Biotinidase deficiency is a rare autosomal recessive condition in which the body is unable to break down the conjugated form of the vitamin B7 (biotin), resulting in low levels of available biotin.
Profound deficiency (<10% of normal level) is estimated at ~1:100,000 of newborns. Profound or partial deficiency (<30% of normal level) is estimated at ~1:60,000 newborns.
Symptoms usually present in infancy:
- seborrhoeic dermatitis
- conjunctivitis and mucositis
- erythematous rash
- hearing loss
- lactic acidaemia
Variable neurologic manifestations:
- diffuse cerebral and cerebellar atrophy on CT or MRI
- brainstem and spinal cord myelopathy
Treatment and prognosis
Improves with supplemental biotin, which helps with diagnosis.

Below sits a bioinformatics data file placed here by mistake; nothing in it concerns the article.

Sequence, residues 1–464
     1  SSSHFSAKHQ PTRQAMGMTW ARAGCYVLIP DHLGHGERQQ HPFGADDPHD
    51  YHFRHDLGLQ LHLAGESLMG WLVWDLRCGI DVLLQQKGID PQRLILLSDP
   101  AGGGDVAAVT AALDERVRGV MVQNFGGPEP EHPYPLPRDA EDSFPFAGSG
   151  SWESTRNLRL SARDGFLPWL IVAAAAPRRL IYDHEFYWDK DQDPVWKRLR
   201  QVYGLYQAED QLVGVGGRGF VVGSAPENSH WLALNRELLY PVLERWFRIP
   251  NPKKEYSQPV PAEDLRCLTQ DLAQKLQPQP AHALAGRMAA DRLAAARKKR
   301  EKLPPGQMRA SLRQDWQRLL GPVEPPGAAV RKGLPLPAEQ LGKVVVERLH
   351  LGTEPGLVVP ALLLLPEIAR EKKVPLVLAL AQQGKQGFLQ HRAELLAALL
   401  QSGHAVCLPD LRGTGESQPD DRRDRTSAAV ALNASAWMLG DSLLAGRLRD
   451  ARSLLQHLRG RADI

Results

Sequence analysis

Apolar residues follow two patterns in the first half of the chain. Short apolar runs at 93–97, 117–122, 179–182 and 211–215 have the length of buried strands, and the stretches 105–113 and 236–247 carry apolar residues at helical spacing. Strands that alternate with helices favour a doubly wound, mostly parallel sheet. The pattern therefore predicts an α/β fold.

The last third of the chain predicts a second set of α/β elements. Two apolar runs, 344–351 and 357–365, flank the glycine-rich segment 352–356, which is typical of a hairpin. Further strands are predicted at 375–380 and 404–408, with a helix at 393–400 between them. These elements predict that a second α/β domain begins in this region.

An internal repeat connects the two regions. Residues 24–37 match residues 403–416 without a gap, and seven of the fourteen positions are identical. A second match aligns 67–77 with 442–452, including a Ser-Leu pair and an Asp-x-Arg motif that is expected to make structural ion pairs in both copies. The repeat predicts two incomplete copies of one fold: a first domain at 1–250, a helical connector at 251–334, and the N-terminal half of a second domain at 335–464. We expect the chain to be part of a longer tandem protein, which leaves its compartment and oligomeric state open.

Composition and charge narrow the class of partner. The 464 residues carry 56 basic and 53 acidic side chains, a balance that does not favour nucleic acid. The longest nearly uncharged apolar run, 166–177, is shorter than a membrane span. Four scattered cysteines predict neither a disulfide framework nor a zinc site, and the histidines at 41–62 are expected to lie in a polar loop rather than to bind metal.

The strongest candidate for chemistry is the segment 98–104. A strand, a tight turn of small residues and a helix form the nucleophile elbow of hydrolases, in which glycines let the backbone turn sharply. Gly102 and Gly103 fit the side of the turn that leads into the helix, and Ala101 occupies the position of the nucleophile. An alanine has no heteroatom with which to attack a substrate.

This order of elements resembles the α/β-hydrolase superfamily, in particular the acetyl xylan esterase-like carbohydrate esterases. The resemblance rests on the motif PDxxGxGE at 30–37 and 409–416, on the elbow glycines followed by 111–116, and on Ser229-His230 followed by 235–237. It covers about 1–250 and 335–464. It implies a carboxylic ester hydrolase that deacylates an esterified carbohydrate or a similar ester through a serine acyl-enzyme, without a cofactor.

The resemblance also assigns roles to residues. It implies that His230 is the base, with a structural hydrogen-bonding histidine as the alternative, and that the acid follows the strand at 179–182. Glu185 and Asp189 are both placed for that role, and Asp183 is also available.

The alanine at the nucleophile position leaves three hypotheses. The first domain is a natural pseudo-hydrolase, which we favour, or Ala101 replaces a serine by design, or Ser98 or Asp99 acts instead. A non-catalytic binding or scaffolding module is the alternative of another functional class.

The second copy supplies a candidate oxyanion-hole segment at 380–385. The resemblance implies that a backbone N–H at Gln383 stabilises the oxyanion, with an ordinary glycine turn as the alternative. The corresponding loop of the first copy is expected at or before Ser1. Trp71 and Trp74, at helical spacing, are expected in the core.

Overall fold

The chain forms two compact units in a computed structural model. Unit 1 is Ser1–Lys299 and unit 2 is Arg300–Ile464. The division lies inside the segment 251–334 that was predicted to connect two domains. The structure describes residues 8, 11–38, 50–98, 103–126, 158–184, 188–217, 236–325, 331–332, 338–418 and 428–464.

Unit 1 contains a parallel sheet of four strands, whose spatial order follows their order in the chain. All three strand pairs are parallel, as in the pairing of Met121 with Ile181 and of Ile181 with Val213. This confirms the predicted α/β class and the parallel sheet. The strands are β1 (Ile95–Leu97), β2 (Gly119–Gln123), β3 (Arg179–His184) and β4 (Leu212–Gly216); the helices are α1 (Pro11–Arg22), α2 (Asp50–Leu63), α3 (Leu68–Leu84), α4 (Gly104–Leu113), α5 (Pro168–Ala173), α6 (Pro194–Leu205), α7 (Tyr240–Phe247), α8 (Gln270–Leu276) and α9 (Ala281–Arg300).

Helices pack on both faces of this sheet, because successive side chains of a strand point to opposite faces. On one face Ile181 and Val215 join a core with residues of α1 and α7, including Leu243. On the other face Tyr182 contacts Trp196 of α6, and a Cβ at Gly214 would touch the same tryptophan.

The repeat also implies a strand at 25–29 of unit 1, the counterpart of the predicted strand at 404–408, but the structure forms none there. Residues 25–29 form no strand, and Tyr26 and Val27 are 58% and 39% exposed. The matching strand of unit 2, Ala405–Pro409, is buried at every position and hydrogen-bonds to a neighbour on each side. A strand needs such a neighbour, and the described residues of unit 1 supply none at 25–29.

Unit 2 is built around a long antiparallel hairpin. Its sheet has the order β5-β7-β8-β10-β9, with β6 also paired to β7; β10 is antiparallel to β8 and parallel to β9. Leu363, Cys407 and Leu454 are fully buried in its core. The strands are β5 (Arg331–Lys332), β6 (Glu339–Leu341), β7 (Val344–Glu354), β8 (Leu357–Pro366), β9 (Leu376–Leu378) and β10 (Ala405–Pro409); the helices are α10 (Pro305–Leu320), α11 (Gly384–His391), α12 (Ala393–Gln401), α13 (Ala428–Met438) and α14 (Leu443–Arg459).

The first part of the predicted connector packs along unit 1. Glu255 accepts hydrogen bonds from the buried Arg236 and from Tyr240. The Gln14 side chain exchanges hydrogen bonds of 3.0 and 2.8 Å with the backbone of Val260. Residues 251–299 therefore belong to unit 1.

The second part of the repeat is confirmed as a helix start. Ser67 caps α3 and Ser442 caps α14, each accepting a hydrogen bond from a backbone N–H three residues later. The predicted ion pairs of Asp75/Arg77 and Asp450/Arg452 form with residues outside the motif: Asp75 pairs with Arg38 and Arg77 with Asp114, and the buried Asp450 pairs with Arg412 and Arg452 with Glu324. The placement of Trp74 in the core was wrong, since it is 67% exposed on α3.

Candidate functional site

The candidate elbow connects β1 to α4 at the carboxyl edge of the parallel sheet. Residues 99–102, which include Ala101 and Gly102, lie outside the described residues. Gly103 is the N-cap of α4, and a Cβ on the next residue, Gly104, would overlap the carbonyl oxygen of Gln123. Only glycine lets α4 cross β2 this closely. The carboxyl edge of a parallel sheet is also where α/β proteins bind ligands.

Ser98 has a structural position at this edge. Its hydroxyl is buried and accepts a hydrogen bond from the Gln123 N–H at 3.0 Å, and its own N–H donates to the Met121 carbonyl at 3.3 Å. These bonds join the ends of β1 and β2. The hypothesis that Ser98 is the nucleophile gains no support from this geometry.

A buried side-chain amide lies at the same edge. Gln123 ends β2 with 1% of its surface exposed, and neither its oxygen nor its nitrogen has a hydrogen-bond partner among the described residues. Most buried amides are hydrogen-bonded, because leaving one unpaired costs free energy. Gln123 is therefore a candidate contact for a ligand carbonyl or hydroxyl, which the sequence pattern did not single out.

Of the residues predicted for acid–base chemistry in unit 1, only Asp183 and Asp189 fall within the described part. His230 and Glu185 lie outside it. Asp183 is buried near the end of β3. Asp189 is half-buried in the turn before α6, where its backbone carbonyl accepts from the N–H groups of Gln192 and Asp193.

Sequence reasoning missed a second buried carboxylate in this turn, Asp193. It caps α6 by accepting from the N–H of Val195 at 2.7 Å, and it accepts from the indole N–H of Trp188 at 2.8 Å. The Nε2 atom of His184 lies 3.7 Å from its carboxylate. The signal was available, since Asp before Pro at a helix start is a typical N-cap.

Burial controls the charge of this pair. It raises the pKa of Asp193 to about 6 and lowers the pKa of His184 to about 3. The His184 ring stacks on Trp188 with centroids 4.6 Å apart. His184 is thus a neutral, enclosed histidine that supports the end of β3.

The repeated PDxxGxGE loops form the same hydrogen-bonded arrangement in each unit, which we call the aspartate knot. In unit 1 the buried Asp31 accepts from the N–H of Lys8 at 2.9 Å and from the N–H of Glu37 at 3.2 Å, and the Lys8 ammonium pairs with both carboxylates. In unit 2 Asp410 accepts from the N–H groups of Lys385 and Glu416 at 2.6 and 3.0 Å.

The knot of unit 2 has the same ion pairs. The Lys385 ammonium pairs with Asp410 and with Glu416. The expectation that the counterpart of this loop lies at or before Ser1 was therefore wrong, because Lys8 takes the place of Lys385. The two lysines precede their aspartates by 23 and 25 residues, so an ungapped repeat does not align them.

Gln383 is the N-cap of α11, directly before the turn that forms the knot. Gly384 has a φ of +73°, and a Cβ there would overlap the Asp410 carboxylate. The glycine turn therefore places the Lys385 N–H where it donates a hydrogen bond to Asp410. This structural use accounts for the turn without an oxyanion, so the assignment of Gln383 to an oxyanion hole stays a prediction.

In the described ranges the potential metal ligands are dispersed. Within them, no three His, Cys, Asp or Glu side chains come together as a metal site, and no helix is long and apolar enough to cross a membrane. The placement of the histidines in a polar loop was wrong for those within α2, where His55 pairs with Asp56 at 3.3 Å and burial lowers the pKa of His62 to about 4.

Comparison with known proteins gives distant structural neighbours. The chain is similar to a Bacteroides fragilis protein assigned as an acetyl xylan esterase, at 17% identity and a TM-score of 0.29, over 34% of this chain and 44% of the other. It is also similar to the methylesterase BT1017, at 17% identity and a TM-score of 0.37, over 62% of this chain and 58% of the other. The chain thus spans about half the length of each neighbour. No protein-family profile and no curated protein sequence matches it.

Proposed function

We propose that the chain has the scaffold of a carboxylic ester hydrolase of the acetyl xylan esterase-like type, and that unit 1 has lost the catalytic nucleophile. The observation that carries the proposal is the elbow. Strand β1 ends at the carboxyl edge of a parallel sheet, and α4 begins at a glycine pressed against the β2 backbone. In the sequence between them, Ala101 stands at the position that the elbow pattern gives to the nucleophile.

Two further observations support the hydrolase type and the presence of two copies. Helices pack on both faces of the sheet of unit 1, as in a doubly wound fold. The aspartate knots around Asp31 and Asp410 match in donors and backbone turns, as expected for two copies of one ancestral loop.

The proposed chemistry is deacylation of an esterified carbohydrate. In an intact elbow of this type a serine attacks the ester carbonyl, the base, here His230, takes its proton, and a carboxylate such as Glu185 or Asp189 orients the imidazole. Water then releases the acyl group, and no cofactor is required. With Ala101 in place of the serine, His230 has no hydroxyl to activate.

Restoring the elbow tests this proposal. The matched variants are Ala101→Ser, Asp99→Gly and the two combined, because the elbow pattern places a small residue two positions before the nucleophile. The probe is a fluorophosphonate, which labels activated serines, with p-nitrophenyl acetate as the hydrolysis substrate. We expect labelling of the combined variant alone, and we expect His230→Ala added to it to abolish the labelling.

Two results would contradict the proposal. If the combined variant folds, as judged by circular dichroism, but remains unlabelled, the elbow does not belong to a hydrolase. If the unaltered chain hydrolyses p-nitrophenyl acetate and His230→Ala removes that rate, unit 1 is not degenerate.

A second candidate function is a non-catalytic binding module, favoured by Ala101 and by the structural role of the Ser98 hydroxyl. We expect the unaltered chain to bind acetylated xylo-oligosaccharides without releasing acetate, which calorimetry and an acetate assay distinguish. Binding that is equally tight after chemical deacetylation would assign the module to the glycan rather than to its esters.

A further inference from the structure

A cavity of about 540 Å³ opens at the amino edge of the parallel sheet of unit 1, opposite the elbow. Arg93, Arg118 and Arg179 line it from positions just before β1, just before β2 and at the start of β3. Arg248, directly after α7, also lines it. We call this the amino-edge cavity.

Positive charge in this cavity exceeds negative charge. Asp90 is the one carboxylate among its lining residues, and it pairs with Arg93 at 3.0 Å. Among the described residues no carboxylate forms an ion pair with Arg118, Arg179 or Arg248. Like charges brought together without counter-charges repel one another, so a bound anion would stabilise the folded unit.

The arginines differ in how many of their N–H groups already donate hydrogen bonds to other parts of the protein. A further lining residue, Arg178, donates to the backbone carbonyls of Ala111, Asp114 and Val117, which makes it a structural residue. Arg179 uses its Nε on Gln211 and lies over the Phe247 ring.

Biotinidase deficiency meets the major criteria for newborn screening in multiple countries.
- 1. Raha S, Udani V. Biotinidase deficiency presenting as recurrent myelopathy in a 7-year-old boy and a review of the literature. Pediatr. Neurol. 2011;45 (4): 261-4. doi:10.1016/j.pediatrneurol.2011.06.010 - Pubmed citation
- 2. Wolf B. Biotinidase deficiency: "if you have to have an inherited metabolic disease, this is the one to have". Genet. Med. 2012;14 (6): 565-75. doi:10.1038/gim.2011.6 - Pubmed citation
- 3. Wolf B. Clinical issues and frequent questions about biotinidase deficiency. Mol. Genet. Metab. 2010;100 (1): 6-13. doi:10.1016/j.ymgme.2010.01.003 - Pubmed citation